(Searching a total of 402 Topics)
We couldn't find any Topics specifically about "hairs"
Topics containing the search term "hairs" are:
All plants are harmless? Well, not quite - at least not when you're an insect...
Pressure sensitivity and the tactile sense (excluding the lateral line)
The star-nosed mole is famous for, well, its nose, but do you have any idea what these peculiar 'tentacles' are for? The answer is rather touching and, of course, convergent...
Lateral line system in fish and other animals
Some cavefish are completely blind, so how do they manage to navigate through their environment with astonishing ease?
Mushrooms and their relatives (Basidiomycota)
Mushrooms are not only tasty, but also provide numerous examples of evolutionary convergence...
Desert plants with succulent leaves
Perhaps the most striking case of convergence among leaf succulents occurs between Agave and its relatives Yucca and Hesperaloe in the Americas and Aloe and its relatives (e.g. Haworthia and Gasteria) in Africa.
Succulent desert plants
Classic examples of convergence in desert plants include the so-called 'stem succulent' cacti in the Americas and cactus-like Euphorbia species in Africa and South Asia, and also the striking similarity between 'leaf succulent' Agave and Yucca of the Americas and Aloe and its close relatives in Africa.
Gliding in feathered reptiles
A number of reptile species have been discovered in the Mesozoic fossil record, bearing feathers that were apparently used to support gliding locomotion, rather than true, powered flight as we see in present day birds.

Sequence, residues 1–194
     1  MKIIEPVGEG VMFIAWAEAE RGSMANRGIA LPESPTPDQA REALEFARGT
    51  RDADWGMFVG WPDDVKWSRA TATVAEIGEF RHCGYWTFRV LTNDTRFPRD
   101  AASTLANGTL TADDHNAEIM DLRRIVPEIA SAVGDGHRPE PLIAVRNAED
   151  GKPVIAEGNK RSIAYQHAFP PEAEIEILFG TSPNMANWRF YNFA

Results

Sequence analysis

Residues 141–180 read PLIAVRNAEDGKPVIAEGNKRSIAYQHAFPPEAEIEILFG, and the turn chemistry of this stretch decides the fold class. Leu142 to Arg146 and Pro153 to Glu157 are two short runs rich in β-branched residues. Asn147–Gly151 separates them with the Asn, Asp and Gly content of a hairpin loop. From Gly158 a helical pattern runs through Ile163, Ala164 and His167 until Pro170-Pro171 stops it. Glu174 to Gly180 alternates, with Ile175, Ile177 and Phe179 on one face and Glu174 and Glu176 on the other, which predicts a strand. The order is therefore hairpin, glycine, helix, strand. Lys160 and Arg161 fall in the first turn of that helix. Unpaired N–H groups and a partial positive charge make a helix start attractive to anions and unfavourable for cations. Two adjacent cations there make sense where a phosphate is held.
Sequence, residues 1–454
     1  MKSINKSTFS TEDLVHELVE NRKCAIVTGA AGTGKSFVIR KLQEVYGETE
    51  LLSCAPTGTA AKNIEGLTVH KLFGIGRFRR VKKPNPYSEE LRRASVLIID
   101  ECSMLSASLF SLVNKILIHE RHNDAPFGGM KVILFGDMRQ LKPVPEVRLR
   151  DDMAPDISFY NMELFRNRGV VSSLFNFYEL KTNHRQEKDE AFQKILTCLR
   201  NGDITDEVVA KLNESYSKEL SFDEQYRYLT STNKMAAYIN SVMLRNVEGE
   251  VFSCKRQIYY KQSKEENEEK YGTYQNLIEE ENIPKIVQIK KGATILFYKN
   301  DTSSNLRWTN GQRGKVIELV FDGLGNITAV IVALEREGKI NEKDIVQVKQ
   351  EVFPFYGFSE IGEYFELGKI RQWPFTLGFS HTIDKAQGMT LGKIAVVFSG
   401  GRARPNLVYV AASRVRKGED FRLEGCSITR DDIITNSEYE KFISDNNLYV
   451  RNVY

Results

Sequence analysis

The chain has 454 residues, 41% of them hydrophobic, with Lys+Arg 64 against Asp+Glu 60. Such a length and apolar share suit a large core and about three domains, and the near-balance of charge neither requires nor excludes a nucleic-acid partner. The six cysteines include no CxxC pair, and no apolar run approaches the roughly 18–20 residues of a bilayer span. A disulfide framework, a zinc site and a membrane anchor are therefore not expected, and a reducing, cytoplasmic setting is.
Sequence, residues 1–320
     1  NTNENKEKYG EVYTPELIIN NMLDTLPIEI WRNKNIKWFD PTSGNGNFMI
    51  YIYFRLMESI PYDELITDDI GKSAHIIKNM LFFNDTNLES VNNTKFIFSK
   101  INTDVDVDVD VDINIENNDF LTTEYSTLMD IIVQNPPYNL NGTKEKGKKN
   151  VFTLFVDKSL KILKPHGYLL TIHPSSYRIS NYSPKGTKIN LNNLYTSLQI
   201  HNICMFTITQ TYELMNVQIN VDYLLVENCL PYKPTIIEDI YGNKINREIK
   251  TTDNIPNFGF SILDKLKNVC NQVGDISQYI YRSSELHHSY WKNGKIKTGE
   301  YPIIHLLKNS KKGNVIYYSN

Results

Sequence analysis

Gliding mammals rely primarily on extensive skin membranes or ‘patagia’ that stretch between fore- and hind-limbs, creating a wing-like structure.
In the reptiles, different forms of skin membrane (called ‘patagia’) and in some extinct species, primitive feathers, have evolved convergently as adaptations for gliding.
Sand-dwelling (psammophilous) lizard ecomorphs
Desert sand dunes represent an extreme environmental setting in which selective forces have apparently generated dune ‘ecomorphs’ in six lizard families. – Lamb et al. (2003) Biological Journal of the Linnean Society, vol. 73, p. 253
Silk production and use in arthropods
Remarkably, fossil silk is known, especially from amber of Cretaceous age. Material includes both silk with trapped insects, possibly from an orb-web, and strands with the characteristic viscid droplets that are the key in trapping prey.
Octopus and other cephalopods: convergence with vertebrates
What could be more different from us than the alien-like octopus? Hold on. Look it in the eye and think again.